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State v. Capaci

Decided: October 30, 1992.


On appeal from the Superior Court, Law Division, Passaic County.

Pressler, R.s. Cohen and Muir, Jr. The opinion of the court was delivered by R.s. Cohen, J.A.D.


[260 NJSuper Page 66] Defendant Vincent Capaci and his wife owned residential rental property in Paterson. The record does not show whether it was a single residence or a multi-unit building. They sold the property in 1989, while it was occupied by a tenant or tenants, without complying with Article 29 of Chapter 13 of Paterson's codified ordinances. Defendant was found guilty in the municipal court and then in the Law Division of violating the ordinance,

and was fined $40 and assessed $10 in costs. We reverse.

Article 29 concerns lead paint in dwellings. It was enacted pursuant to municipalities' general police power, and pursuant to N.J.S.A. 24:14A-1 to -11, which prohibits the use of lead paint in certain circumstances, and requires its removal and disposal when it constitutes a danger to persons.

The statute prohibits the application of lead paint to toys, furniture, the exposed interior surfaces of any dwelling, or any exterior surface that is readily accessible to children. N.J.S.A. 24:14A-1. It also prohibits knowingly selling or offering to sell toys or furniture to which lead paint has been applied, or knowingly transferring or exchanging such toys or furniture if the lead paint will be readily accessible to children. N.J.S.A. 24:14A-2. Violators of the statute are declared to be disorderly persons. N.J.S.A. 24:14A-3. Such persons are punishable under the Criminal Code by imprisonment for up to six months. N.J.S.A. 2C:43-8.

The lead paint statute goes on to declare as a public nuisance the presence of lead paint on the interior of a dwelling or on any exterior surface, readily accessible to children, which causes a hazard to anyone coming in contact with it. N.J.S.A. 24:14A-5. The local board of health or other locally constituted health agency (N.J.S.A. 24:14A-4e) is given "the primary responsibility for investigation of violations under this act and the enforcement of this act, . . ." N.J.S.A. 24:14A-6. It can order the removal and appropriate Disposition of lead paint from dwellings, N.J.S.A. 24:14A-7; in high risk cases, it can order remediation within 10 days. N.J.S.A. 24:14A-8. Failure of a property owner to comply with an order of the local board to correct a violation permits the board to take the corrective action, sue the owner and/or have a property lien for the expense. N.J.S.A. 24:14A-9. If a local board is not doing its job, the State Department of Health can step in. N.J.S.A. 24:14A-10. The Department also has the authority to issue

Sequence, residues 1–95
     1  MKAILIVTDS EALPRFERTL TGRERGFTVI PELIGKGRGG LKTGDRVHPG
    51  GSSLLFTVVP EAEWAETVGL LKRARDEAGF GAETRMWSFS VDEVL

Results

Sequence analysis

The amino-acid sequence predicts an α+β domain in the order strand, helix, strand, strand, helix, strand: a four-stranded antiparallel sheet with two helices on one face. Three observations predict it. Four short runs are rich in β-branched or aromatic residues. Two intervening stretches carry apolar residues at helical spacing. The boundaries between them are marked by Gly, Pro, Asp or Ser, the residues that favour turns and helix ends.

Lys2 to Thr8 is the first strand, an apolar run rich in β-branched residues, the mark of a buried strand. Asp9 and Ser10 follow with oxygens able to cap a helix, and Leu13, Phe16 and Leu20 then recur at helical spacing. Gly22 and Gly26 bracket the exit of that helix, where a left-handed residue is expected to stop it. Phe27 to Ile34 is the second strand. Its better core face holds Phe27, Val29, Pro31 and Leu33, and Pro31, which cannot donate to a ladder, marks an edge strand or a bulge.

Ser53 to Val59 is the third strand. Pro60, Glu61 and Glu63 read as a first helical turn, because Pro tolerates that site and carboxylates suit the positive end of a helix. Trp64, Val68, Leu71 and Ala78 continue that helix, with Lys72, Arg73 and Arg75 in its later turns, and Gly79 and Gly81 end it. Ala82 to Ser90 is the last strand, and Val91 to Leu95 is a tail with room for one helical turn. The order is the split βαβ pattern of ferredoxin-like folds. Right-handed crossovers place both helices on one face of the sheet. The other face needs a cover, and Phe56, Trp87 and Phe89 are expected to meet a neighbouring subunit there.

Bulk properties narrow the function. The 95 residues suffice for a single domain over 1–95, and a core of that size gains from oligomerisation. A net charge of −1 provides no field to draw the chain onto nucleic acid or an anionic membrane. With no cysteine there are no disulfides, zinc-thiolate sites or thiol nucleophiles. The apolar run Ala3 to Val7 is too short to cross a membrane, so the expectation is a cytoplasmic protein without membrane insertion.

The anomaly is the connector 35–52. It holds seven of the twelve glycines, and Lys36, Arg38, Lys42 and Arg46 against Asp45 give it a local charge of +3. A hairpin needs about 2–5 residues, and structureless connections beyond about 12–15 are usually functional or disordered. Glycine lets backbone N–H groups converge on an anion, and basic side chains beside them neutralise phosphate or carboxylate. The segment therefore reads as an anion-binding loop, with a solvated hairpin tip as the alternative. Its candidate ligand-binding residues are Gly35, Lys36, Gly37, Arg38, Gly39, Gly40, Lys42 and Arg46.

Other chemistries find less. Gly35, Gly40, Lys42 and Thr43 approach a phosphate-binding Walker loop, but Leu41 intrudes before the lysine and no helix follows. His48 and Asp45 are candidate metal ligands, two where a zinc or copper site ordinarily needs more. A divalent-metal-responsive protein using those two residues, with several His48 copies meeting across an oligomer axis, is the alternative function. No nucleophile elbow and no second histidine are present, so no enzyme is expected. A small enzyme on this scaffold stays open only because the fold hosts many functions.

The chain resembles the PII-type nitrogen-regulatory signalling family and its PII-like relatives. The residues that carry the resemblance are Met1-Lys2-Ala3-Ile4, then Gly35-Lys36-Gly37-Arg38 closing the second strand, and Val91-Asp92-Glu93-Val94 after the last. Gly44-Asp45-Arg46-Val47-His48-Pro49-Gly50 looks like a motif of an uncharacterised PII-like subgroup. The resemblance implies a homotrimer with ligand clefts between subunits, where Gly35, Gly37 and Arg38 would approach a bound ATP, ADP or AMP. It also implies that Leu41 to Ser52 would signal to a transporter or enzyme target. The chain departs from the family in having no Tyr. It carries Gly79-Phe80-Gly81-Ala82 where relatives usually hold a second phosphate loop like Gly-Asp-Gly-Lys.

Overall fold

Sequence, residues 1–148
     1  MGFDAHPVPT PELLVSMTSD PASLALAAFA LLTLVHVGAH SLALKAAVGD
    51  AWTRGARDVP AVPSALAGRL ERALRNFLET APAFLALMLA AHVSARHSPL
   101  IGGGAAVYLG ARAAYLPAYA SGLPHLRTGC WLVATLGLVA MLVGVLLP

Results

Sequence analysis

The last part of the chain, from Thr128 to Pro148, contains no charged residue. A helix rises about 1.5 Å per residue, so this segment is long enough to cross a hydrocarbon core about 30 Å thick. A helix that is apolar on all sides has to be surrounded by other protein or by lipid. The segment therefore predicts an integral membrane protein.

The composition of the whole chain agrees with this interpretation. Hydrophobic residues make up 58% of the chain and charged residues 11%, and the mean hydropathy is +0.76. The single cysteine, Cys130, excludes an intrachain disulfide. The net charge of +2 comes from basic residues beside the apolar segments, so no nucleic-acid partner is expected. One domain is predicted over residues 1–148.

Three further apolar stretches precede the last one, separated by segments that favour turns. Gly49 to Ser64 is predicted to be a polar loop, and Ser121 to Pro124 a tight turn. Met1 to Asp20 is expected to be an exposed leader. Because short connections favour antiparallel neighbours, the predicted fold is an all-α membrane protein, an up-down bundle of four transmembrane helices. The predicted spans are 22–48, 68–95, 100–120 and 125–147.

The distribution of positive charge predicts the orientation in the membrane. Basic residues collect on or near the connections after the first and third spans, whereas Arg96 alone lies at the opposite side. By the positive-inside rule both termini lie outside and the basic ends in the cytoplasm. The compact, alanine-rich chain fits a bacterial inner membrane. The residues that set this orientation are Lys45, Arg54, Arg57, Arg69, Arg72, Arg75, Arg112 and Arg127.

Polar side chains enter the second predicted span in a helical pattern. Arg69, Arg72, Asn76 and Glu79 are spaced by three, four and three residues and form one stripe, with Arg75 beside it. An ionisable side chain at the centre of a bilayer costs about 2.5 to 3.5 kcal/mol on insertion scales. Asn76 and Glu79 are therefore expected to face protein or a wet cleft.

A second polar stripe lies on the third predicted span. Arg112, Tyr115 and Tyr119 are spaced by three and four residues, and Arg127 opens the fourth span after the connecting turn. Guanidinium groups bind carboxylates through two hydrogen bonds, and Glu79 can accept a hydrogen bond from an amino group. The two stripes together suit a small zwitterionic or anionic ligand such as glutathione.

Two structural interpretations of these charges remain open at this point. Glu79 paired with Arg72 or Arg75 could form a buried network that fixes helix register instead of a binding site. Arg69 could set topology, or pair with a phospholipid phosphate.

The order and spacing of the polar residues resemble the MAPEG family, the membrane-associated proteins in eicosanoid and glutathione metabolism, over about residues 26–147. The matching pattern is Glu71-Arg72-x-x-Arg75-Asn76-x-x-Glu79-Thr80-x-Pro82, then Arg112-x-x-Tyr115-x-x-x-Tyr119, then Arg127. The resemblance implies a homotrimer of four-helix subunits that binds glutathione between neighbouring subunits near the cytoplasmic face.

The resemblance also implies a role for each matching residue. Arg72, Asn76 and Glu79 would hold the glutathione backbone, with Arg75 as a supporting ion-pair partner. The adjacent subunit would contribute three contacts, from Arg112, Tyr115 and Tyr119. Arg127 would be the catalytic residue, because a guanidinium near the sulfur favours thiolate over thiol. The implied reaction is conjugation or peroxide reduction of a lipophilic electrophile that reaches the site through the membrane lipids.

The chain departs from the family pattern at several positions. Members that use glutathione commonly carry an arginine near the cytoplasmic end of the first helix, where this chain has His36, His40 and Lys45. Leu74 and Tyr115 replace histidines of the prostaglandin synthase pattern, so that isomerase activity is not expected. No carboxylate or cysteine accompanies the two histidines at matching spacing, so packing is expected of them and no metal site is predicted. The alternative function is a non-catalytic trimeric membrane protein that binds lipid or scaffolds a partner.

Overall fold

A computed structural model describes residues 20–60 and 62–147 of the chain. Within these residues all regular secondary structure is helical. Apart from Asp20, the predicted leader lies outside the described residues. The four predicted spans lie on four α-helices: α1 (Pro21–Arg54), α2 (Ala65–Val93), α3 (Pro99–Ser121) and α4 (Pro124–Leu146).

rules and regulations. N.J.S.A. 24:14A-11. The statute contains no provisions for inspections or remediation before rentals or property transfers.

The Paterson ordinance contains such provisions. It requires the owner of every dwelling*fn1 to obtain a "compliance letter" from the city Division of Health before allowing occupancy by a new tenant or before transfer of title to a new owner. The compliance letter is issued by the city health officer stating that the dwelling has been found free of any lead paint or any violation of the requirements of the statute or the ordinance. It is issued only after an inspection, which "must be conducted while the dwelling is vacant" no more than 30 days before new tenancy or transfer of title. If the inspection reveals lead paint violations, the owner must remove and dispose of it, and the property is then reinspected. A person found to be in violation of the ordinance "shall be adJudged a disorderly person."

The ordinance is in some respects patterned on a Paterson ordinance requiring an inspection for certification of occupancy at the commencement of any tenancy, which was upheld by the Supreme Court in Dome Realty, Inc. v. Paterson, 83 N.J. 212, 416 A.2d 334 (1980). There are differences, however, between that ordinance and this, and in the settings in which they operate. Defendant raises a number of troublesome objections to the validity of the lead paint ordinance. One of them is dispositive and requires a reversal. It is that the penalty provision is invalid. It subjects a disorderly person to punishment of up to six months' incarceration. N.J.S.A. 2C:43-8. The authority of a municipality to prescribe penalties for ordinance violations is found in N.J.S.A. 40:49-5. The limit of that authority is incarceration for 90 days. The ordinance penalty provision is therefore invalid as exceeding the municipal authority.

It is not only the excess that is invalid. We cannot blue-pencil the unlawful provision to delete the offending overage and rescue the valid remainder, even though defendant received a sentence that would have been proper under a lawful ordinance provision. The penalty provision is wholly invalid, and cannot support an otherwise appropriate sentence. Verona v. Shalit, 96 N.J. Super. 20, 232 A.2d 431 ...

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